I was at Mindspeak last Saturday. This was huge for me, being a young Kenyan that generally spends most of his time in the country side. I miss out on this seemingly small but invaluable opportunities that would generally improve my knowledge base. I for sure was not going to miss the first Mindspeak of the year for I was in town. Never mind the main speaker was the Nestle CEO Peter Troiahalt whose name I was really struggling to comprehend. Save for the slight out of sorts feeling, I was okay and was bubbling with energy; the sort that engulfs me when I am in a caucus of peers who either remotely or explicitly understand what we (Africans) need to do in order to achieve our development endeavors. There were umpteen highlights from Saturday 28, January 2012. Mindspeak held at The Hotel Intercontinental, Nairobi. I shall however elucidate the highlights and the captions that really caught my attention in as simple a language as possible;
#1 isn’t it amazing that foreigners (read non-Africans) understand our issues and problems better than ourselves? For God’s sake Mr. Troihat is French, he has been in the sub-Saharan Africa for a short period , but within that short time he has acquitted himself with institutional and infrastructural paralysis that is the characteristic norm in most African countries. Again the usual suspects of; corruption, poor transport and communication infrastructure, poor governance and over-bureaucratization are again mentioned as being the bane of Africa’s underdevelopment. Mr. Troihalt apparently understands this better than politicians and policy makers that have been sitting at the helm of Africa’s decision making for fifty + odd years.
#2 The Democratic Republic of Congo;
My God, what a colossal mess of lost potential. DR Congo, a country bigger than Western Europe and with a population of 85 million , abundantly blessed in rare, valuable minerals like gold, diamonds, titanium et al. You would think that all this equals; riches. No! wait a minute the DR Congo has decided to bless herself with endless bloodshed, rape and massive poverty. The infrastructure is so bad that citizens of the Eastern Congo know nothing about Western DR Congo, the people there, the Capital Kinshasa and Kabila’s enfeebled government that resides there. Would you imagine that in 2011 that the council of Ministers in the DRC met a record three times? Amazing, apparently the ministers were busy haggling the enormous mineral wealth to the highest bidders, merchants of death and rape they are.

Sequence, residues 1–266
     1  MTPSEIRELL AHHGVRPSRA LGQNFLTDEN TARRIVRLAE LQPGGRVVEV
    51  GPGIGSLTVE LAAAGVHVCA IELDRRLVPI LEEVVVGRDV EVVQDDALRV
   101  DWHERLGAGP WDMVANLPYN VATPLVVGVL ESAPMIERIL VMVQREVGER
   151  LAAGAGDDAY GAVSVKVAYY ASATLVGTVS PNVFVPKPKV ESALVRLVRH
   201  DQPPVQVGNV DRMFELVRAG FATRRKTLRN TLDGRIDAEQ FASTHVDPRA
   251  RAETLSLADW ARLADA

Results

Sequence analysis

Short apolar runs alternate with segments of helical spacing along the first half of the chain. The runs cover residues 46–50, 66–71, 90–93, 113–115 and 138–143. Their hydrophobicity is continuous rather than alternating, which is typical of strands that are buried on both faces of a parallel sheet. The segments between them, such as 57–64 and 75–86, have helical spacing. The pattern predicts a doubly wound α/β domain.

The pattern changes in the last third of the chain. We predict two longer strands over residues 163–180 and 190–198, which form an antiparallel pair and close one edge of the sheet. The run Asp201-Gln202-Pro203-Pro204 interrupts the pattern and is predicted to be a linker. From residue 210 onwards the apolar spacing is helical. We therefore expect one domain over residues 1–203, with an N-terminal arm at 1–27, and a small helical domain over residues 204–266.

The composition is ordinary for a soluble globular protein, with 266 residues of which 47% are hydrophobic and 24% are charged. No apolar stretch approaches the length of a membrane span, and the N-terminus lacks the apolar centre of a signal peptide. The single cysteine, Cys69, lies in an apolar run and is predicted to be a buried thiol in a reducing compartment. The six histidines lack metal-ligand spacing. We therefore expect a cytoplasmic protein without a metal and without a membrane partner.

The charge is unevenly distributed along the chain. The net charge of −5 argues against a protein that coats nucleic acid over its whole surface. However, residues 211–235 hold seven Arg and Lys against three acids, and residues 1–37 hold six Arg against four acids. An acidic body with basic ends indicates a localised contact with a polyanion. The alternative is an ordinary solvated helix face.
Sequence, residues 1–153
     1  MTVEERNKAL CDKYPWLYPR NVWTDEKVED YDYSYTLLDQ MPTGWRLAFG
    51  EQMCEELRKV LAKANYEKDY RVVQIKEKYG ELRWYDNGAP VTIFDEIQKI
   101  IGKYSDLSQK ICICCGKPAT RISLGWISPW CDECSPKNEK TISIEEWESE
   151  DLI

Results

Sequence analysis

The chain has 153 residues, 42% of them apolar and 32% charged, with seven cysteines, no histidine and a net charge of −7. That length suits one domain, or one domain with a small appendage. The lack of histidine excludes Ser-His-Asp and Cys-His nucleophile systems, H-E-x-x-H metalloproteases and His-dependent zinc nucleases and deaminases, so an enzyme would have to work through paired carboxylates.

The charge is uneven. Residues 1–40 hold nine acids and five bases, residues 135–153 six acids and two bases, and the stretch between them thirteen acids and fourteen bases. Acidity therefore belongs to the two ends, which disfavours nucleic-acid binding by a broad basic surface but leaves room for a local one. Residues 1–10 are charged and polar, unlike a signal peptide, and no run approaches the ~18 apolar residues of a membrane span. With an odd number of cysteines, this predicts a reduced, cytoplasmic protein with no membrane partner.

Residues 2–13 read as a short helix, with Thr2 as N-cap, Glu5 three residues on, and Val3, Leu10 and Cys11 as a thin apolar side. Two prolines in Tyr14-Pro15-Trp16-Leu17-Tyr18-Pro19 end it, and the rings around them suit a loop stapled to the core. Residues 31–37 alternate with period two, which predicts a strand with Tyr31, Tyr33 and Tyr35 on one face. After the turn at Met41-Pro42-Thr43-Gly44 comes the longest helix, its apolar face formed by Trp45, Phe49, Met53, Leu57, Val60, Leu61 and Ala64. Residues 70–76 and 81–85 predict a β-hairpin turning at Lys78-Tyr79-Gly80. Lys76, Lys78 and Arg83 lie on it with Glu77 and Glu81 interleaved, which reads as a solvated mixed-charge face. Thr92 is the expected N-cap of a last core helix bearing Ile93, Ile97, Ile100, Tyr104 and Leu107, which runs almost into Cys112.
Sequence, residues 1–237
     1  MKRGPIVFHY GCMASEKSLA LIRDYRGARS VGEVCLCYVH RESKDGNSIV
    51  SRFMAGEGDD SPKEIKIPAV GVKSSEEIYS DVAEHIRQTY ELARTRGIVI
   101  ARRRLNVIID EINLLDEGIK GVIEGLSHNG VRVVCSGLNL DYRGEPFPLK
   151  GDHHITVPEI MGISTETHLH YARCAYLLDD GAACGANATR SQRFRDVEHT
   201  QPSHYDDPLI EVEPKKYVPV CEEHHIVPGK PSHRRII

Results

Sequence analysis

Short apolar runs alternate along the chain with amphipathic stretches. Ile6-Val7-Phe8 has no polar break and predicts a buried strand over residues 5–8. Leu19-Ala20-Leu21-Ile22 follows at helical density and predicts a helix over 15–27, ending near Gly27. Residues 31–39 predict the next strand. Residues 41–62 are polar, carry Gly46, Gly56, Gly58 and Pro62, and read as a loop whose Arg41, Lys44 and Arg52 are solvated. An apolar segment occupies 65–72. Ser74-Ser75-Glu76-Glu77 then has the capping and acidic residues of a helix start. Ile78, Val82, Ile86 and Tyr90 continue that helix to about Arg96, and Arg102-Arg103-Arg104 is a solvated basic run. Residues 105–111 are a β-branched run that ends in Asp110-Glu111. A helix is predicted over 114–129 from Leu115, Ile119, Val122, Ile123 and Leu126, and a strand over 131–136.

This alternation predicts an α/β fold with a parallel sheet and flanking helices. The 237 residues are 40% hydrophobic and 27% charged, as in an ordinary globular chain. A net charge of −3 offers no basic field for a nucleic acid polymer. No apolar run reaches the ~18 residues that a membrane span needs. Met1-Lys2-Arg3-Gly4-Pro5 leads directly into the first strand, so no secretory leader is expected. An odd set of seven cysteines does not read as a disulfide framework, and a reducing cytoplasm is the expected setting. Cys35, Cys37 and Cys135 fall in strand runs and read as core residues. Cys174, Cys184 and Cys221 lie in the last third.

#3 Nestle; What an astounding example of sustainable success. Established in 1905 the food and beverages company is worth $211 billion and has its footprint in 86 countries. What an example of how unbridled free market capitalism creates value. Over the years Nestle has created value linkages for millions of people; employees, rural farmers, and investors. Sub Saharan Africa has very few indigenous Multi-national corporations. Bureaucratic bottlenecks, crony capitalism, parochialism strangles the life out of indigenous African Businesses. That notwithstanding Nestle is putting $20million in its Nairobi factory.
#4 Finally, I would want all this change trotting young men and women on twitter, Facebook and myriads of other social media move away from the comfort of e-ranting and do something positive for their countries and society, let’s sweat our way to change rather than rant and wait for others to sweep the muck for us. Let us be the first to applaud ourselves for changing our societies rather than wait to applaud others for casting the ‘first stone of change’.
Alex Ndungu Njeru is @unbridledfreedm on twitter